History of Brewing in Vyšší Brod
Beer in the Middle Ages was regarded not only as a drink but also as a relatively cheap and filling form of food. At the beginning, beer was brewed at home, a simple brewing utensil was a saucepan or a caldron.
The brewery in the Cistercian Vyšší Brod Monastery is mentioned for the first time in 1830, the beer was brewed by the monks themselves. In the first half of the 15th century, the monastery brewers Mikuláš, Jakub and Friedrich are mentioned. On August 24, 1524, the abbot from Vyšší Brod, Christopher Knoll, gave with the approval of Jan von Rosenberg, a privilege to the burgers and settlers of the township of Vyšší Brod, in which the fifth paragraph states, that in the villages within a half of a mile distance, that belong to the church, no-one is allowed either to sell beer or produce malt. They can brew beer only for their own consumption.
The citizens of Rožmberk nad Vltavou made malt and brewed beer from 1379 and in 1514 Jan von Rosenberg confirmed this privilege again. We do not know exactly when the brewery in Rožmberk was established, but it was towards the end of the 14th century.
The original anarchy of home brewing, when every citizen brew beer in their house, as much as they wanted, was replaced by a strict regulation. The right to brew was one of the economic privileges of the burgers. Its profitability was secured by the so-called "Mile Law" legislation, which prevented the setting up of malt houses, breweries and tap rooms in certain areas around the town, which did not belong to the burgers or the landlords. Up to 1479, the legal brew masters had only to return regular amounts and payments (fees for brewing and drawing beer, dues from the pubs, and taxes for offering beer for sale), afterwards the state council made a rule that even the landlords had to have permission for brewing beer. The payments from the brewing industry were welcomed into the Rožmberk and Cistercian treasuries. Therefore they did not prevent the burgers from supplying beer to their villages, but on the opposite, they ordered the serfs to take only their beer, and the serfs could not consume beer produced somewhere else.
A pint of beer (roughly a litre) cost two hellers; there were fourteen hellers in a groshen. A loaf of bread or 14 eggs also cost two hellers. Also wine was roughly the same price at that time.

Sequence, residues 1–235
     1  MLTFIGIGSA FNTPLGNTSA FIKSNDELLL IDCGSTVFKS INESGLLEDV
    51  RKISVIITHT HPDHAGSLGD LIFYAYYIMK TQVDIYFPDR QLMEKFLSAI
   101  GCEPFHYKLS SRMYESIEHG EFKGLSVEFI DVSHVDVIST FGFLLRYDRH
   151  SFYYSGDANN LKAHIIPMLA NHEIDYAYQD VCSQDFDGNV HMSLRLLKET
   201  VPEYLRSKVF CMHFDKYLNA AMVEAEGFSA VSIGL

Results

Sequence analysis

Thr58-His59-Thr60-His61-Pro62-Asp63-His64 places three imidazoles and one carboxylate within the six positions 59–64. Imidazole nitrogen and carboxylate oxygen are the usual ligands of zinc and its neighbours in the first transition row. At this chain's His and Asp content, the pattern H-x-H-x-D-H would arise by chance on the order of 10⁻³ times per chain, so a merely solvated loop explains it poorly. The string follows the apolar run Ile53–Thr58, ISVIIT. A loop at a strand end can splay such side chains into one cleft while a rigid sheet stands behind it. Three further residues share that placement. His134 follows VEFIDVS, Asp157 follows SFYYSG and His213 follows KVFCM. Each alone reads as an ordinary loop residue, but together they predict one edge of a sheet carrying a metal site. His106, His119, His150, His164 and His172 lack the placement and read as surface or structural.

Mostly there was brewed dark beer from barley, in the monastery brewery they brewed also "white beer" from wheat for the abbot and special visitors.
When Wilhelm von Rosenberg took over the rule of his estates, he started to enforce estate beer. In 1561 Michal Břeský from Ploskovice was told to look after the Rožmberk breweries, and in 1569 Jakub Krčín of Jelčany and Sedlčany prepared brewing regulations, in order to prevent profiteering of the officers of the estate from inconsistent supervision of the landlords. He also continually increased the taxes on brewing, until it became necessary to pay for "white brews 300 groshen every year". After the death of Wilhelm, his brother and successor Peter Wok von Rosenberg, changed the taxes from brewing. From each barrel, which contained 248 litres, the breweries paid six Meissen kreutzers. In 1608 Peter Wok also renewed and extended the privileges of the town of Vyšší Brod. The sixth paragraph, concerning beer, states: "Further on, to the end of time, councillors and burgers of our town of Vyšší Brod, can brew red and white beer, also make malt and sell beer as they wish, without any interference from us, or those who will come after us, neither the abbot nor the prior will complain. Off course (with the exception of the monastery) nobody will have the right to make malt or beer up to a half of a mile distance from our monastery." During the rule of Peter Wok von Rosenberg, the rebuilding of the deteriorating brewery in Rožmberk took place.
In 1628 the lords of the Buquoy family increased the tax per barrel from the original six Meissen groshen to eight without taking into consideration the protests from the burgers.
There were great conflicts between abbott Johan IV Clavey from Vyšší Brod, and duke Johann Christian I. von Eggenberg, mainly because of the castle breweries in Krumlov and Černá. On June 23, 1669 the duke gave an order to the serfs to take beer only from the estate brewery. Because the monastery did not like this order, they appealed in Praha and to the emperor. The brewery from the Skláře monastery near Hořice na Šumavě, produced 3,625 barrels of beer from 1651, and the closure of this brewery would mean a lower income for the monastery. The duke's reply was, that he had all the equipment in the brewery in Skláře demolished, during the night between December 6th and 7th. In the 18th century the monastery was still in a conflict with the Eggenbergs regarding places of selling their beer in the South Bohemian villages.
At the beginning of the 18th century the biggest brewery in the region of Vyšší Brod was still the monastery brewery in Vyšší Brod, which in one brew made 13 barrels and in 1712 altogether 489 barrels. The second biggest as to the number of barrels, was the brewery of the lords of the Buquoy family in Rožmberk, then the town breweries in Rožmberk, in Frymburk, and Vyšší Brod. In total there were 26 breweries in the county region of Český Krumlov, which brewed 25,701 hectolitres of beer in the year 1712.